This will require restructuring and expansion of the existing industry, the acquisition of foreign technology, and the investment of sufficient capital to reinvigorate the manufacturing base.

Much of course depends on the continued depth and extent of support from the United States and Western Europe.

If that support wanes, then the demands upon Ukraine’s DIB will shift and increase. 

Author Expertise 

Dr. Robert Farley has taught security and diplomacy courses at the Patterson School since 2005. He received his BS from the University of Oregon in 1997, and his Ph. D. from the University of Washington in 2004. Dr. Farley is the author of Grounded: The Case for Abolishing the United States Air Force (University Press of Kentucky, 2014), the Battleship Book (Wildside, 2016), Patents for Power: Intellectual Property Law and the Diffusion of Military Technology (University of Chicago, 2020), and most recently Waging War with Gold: National Security and the Finance Domain Across the Ages (Lynne Rienner, 2023). He has contributed extensively to a number of journals and magazines, including the National Interest, the Diplomat: APAC, World Politics Review, and the American Prospect. Dr. Farley is also a founder and senior editor of Lawyers, Guns and Money.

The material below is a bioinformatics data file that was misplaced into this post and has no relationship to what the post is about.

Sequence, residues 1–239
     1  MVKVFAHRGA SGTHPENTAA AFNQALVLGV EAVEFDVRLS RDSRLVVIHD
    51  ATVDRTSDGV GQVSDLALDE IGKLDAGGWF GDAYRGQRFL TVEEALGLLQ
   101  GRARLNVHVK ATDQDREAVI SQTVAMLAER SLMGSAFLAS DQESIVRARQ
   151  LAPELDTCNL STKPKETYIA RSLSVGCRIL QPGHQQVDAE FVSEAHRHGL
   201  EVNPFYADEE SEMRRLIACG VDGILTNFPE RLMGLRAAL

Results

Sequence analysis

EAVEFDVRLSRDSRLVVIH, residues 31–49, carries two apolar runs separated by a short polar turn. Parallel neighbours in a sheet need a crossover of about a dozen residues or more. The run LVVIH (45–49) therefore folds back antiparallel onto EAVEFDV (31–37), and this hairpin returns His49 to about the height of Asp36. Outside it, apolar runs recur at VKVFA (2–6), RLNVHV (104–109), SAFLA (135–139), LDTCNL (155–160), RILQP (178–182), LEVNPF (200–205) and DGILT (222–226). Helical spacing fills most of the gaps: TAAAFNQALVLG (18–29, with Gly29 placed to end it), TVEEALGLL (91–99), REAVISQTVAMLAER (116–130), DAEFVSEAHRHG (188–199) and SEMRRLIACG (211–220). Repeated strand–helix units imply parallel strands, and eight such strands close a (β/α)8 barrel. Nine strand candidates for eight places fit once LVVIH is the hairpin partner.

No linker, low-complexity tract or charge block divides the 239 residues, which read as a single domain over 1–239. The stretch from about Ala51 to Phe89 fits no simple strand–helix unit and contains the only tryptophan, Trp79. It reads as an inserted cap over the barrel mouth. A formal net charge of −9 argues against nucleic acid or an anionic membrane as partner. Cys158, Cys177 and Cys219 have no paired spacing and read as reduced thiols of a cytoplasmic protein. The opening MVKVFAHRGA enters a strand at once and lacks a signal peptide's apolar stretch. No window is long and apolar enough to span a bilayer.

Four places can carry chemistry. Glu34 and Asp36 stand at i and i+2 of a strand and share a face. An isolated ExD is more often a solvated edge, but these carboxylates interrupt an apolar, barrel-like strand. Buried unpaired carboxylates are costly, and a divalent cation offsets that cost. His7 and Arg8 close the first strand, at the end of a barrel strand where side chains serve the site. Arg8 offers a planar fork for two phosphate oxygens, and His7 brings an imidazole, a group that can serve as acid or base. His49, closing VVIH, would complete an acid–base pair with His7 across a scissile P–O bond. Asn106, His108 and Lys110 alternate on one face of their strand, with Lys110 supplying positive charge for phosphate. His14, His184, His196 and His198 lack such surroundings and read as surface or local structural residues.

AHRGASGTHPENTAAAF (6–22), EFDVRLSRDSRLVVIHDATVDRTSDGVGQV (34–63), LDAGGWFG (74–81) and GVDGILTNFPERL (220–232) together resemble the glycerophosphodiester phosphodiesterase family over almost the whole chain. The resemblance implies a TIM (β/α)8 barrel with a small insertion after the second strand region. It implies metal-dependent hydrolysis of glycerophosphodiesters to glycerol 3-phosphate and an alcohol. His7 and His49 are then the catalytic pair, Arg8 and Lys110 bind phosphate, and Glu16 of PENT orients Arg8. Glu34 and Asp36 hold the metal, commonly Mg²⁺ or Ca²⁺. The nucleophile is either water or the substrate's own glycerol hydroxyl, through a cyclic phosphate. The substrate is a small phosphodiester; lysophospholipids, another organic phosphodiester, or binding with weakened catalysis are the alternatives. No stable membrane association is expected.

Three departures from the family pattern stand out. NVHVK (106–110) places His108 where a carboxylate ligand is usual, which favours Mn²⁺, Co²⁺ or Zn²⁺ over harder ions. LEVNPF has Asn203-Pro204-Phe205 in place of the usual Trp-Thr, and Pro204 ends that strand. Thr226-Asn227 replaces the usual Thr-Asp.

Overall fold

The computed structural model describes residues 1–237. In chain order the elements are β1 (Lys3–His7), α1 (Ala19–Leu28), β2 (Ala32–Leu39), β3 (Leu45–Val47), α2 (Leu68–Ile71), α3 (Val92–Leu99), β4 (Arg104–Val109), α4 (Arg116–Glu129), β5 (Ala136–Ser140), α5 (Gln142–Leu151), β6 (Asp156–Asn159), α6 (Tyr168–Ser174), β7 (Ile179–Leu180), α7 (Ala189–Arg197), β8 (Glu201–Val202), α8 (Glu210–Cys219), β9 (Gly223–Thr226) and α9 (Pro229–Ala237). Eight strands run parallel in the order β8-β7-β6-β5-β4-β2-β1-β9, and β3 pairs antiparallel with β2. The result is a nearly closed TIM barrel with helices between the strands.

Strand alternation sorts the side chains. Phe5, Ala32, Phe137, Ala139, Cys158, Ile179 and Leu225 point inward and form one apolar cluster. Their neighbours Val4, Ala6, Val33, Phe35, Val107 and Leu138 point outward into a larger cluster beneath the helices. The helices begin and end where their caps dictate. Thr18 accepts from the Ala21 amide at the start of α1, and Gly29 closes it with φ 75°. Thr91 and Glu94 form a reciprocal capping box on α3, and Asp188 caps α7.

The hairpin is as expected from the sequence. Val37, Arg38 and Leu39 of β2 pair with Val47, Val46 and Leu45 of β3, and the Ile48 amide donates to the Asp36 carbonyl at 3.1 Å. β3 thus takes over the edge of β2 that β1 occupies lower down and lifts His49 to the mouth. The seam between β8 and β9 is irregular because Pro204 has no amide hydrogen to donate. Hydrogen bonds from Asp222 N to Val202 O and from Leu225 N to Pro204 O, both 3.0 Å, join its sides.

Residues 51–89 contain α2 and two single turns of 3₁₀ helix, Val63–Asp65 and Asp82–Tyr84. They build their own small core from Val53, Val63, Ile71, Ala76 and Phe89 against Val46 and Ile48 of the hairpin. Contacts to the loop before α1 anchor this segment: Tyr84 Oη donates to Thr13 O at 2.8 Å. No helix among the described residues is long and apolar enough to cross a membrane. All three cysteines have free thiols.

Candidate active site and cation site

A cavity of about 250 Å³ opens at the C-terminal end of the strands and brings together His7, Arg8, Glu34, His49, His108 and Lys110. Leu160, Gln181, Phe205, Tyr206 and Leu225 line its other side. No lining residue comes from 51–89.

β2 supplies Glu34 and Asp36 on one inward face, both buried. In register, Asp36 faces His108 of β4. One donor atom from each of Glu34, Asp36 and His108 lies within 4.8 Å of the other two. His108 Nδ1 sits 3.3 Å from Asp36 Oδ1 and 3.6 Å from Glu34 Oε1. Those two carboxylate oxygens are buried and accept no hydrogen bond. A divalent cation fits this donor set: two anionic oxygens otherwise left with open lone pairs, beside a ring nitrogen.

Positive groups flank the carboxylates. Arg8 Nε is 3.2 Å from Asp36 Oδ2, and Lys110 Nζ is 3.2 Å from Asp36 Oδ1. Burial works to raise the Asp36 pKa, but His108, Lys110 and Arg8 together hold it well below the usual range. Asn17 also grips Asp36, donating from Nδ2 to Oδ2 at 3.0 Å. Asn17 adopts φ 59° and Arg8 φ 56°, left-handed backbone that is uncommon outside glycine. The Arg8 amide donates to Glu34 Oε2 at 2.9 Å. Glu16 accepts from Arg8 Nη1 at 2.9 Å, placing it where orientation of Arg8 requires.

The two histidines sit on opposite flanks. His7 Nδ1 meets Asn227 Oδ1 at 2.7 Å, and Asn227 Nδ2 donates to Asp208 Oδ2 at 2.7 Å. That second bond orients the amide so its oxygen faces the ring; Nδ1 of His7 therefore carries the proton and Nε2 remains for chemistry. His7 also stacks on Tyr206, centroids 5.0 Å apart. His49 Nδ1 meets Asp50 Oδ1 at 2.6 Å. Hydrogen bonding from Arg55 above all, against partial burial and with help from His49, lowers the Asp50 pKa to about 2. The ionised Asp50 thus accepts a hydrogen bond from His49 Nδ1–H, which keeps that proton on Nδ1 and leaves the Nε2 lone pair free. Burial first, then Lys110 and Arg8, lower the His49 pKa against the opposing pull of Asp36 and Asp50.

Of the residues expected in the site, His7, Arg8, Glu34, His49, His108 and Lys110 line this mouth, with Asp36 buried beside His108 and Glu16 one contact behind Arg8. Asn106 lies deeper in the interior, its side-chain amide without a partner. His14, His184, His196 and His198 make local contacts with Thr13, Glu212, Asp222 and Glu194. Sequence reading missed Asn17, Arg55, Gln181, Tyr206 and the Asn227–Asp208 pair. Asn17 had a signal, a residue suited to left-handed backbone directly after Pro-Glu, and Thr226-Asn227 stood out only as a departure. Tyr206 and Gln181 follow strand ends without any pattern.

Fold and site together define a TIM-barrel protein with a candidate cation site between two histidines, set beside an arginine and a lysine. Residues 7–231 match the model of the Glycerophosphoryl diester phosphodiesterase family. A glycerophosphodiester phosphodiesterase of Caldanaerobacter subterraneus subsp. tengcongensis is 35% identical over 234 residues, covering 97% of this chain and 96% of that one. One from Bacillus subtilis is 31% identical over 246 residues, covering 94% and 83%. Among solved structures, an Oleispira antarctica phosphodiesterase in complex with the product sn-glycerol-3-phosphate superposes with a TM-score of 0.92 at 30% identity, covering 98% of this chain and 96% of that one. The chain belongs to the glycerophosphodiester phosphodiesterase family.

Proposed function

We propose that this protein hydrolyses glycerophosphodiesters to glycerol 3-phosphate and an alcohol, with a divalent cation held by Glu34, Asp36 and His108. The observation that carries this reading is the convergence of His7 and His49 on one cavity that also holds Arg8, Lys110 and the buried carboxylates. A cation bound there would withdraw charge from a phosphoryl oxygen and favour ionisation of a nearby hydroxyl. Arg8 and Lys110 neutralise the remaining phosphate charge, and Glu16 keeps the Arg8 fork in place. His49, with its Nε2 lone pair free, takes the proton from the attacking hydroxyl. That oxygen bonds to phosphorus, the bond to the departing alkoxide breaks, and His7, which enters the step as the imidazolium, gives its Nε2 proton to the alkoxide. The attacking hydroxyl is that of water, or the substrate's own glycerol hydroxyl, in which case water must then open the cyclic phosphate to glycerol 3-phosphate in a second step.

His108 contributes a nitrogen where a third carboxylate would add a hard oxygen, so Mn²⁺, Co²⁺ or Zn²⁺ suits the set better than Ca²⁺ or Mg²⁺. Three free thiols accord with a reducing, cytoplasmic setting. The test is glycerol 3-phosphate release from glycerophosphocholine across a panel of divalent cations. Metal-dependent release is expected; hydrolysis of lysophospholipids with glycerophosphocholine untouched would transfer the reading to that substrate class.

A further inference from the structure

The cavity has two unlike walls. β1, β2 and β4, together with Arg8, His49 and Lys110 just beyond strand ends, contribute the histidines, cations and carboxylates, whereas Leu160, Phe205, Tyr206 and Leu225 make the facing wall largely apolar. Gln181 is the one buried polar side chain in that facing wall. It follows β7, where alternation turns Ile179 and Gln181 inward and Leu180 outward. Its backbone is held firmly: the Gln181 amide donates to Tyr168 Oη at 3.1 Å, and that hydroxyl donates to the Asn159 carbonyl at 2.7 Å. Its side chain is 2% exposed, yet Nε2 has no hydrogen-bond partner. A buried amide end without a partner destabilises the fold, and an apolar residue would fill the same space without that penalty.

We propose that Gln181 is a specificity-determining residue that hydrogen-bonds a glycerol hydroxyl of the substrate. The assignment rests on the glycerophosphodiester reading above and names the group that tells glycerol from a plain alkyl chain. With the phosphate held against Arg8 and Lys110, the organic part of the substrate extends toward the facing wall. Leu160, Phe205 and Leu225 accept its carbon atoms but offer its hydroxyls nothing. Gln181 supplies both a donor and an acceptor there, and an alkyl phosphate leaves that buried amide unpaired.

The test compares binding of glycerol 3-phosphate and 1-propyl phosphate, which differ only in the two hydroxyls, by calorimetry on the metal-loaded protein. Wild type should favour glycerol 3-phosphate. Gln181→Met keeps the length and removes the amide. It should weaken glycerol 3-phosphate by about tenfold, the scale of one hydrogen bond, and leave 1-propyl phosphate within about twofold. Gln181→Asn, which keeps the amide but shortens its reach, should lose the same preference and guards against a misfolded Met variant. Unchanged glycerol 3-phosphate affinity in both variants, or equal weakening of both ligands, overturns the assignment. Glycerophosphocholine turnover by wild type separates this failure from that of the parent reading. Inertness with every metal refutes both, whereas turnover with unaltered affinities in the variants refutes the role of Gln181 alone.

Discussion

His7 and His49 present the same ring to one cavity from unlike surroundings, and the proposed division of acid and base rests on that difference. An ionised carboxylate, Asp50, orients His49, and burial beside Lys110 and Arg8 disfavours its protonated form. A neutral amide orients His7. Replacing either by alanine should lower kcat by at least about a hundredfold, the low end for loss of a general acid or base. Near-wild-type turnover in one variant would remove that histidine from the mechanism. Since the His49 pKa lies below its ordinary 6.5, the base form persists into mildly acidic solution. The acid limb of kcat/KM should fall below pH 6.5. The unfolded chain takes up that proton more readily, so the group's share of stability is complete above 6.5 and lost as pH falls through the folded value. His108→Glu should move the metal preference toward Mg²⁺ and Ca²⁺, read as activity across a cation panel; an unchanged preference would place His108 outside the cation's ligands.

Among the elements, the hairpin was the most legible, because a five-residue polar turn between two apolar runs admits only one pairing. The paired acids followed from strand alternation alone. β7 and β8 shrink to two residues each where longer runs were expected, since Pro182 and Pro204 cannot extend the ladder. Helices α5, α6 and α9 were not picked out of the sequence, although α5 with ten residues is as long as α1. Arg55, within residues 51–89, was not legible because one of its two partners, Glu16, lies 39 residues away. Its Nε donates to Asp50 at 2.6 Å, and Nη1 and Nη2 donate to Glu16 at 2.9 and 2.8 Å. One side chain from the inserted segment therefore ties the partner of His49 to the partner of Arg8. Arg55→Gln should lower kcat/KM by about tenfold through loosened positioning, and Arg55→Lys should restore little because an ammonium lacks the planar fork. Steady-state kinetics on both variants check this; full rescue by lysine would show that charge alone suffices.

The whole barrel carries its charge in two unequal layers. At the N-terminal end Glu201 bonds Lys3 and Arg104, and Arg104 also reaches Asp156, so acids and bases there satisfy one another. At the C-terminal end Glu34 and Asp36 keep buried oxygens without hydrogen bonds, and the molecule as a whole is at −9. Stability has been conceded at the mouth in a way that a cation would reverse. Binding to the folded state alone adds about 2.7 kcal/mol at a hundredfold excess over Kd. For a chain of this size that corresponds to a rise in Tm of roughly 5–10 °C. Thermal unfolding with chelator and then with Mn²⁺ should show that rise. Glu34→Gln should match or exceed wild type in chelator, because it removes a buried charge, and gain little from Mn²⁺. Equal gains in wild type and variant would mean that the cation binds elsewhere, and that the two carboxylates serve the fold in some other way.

Written By

Dr. Robert Farley has taught security and diplomacy courses at the Patterson School since 2005. He received his BS from the University of Oregon in 1997, and his Ph.D. from the University of Washington in 2004. Dr. Farley is the author of Grounded: The Case for Abolishing the United States Air Force (University Press of Kentucky, 2014), the Battleship Book (Wildside, 2016), and Patents for Power: Intellectual Property Law and the Diffusion of Military Technology (University of Chicago, 2020). He has contributed extensively to a number of journals and magazines, including the National Interest, the Diplomat: APAC, World Politics Review, and the American Prospect. Dr. Farley is also a founder and senior editor of Lawyers, Guns and Money.